Page:  It’s very easy (for writers especially, and for women writers most of all) to lose that vital sense of purpose necessary to start and complete a creative project. We compare time spent on our creative work to time spent on projects more easily justified, like jobs with paychecks! We mire ourselves in self-doubt. Writing often seems self-indulgent, especially if we’re not selling our work. To learn how to integrate our creative lives with the rest of our lives is critical. Too often, we hold this part of ourselves separate from our work, our family, our spirituality, our physicality, even our happiness. Sometimes clients come to me with very specific, well-defined projects. Sometimes it’s more about re-defining priorities to make room for a creative project. Or it’s more holistic—learning how to integrate these different aspects. I offer a complimentary half-hour consultation, followed either by a single consulting session, or a package deal.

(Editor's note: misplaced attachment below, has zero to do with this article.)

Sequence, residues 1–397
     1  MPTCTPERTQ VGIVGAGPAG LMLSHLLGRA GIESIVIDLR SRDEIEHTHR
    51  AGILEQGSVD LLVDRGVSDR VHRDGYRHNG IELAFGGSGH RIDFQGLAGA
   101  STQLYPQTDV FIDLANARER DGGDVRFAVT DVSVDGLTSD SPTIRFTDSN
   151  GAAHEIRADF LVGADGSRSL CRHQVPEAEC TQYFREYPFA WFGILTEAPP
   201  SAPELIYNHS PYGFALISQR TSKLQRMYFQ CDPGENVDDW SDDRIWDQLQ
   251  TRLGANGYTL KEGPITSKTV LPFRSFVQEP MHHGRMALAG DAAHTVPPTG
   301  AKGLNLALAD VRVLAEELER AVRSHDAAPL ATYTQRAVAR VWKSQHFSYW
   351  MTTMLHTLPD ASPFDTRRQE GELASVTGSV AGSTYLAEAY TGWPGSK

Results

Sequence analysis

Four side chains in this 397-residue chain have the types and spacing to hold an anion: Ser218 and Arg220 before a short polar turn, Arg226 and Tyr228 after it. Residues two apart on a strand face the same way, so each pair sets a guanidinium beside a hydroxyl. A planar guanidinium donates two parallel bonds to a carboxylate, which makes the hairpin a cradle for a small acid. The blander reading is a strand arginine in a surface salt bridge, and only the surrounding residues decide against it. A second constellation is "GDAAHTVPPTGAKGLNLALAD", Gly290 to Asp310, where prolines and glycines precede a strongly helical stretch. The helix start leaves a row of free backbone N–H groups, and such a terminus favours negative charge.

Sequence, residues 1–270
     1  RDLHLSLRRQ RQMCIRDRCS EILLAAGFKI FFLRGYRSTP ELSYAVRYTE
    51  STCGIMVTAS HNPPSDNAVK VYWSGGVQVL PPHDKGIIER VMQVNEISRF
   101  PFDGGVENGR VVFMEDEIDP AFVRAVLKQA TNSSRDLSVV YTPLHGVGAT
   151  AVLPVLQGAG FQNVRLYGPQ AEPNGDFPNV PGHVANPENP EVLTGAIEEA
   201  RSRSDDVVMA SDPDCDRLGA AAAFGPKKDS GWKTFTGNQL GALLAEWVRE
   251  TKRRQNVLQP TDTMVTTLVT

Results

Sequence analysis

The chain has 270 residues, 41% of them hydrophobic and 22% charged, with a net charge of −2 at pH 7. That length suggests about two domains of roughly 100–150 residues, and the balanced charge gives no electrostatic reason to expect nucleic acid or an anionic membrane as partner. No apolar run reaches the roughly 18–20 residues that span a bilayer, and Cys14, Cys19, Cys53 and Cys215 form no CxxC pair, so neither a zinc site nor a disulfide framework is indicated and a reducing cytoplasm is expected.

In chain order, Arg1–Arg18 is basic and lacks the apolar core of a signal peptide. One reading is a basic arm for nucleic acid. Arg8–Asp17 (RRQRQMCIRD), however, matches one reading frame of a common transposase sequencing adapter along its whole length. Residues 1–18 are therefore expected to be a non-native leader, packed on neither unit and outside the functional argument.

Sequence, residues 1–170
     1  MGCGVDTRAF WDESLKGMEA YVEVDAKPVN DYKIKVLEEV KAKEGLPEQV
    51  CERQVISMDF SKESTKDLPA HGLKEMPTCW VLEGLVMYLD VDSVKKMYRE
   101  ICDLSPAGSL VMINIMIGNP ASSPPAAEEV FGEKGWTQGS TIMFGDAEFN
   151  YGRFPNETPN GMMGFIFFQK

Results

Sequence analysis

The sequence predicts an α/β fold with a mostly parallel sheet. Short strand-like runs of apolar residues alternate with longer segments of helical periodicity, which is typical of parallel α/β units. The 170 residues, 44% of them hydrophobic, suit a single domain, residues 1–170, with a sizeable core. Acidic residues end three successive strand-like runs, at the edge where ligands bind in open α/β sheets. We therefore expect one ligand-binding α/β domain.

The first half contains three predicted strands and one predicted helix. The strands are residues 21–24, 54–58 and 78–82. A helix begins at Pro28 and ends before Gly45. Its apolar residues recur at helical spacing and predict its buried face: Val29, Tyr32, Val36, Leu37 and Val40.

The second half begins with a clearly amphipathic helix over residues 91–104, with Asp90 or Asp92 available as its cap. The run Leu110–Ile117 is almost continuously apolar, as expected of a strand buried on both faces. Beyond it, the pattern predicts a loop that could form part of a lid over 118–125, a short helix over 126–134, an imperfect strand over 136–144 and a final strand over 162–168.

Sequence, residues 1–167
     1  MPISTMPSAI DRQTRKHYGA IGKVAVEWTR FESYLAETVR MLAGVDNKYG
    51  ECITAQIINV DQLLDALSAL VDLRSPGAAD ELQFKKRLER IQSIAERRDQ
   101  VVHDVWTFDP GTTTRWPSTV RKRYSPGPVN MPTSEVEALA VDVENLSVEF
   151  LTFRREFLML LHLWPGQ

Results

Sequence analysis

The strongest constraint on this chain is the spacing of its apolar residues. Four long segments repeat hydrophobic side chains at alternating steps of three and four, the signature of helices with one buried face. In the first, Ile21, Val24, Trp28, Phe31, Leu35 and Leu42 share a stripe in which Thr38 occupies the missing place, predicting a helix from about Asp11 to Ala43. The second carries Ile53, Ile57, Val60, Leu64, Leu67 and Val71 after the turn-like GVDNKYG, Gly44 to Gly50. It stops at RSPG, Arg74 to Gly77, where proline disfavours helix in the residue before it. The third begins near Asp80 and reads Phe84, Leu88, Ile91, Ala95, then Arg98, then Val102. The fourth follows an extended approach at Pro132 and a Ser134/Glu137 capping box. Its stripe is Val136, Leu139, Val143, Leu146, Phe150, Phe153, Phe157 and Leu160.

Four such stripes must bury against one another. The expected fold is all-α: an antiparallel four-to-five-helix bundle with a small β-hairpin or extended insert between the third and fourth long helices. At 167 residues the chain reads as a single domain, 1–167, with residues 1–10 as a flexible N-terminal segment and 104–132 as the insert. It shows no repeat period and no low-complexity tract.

EC:  You’ve accomplished so much, traveled to many faraway places and told such diverse and amazing stories. What are you writing these days? What’s still on your bucket list?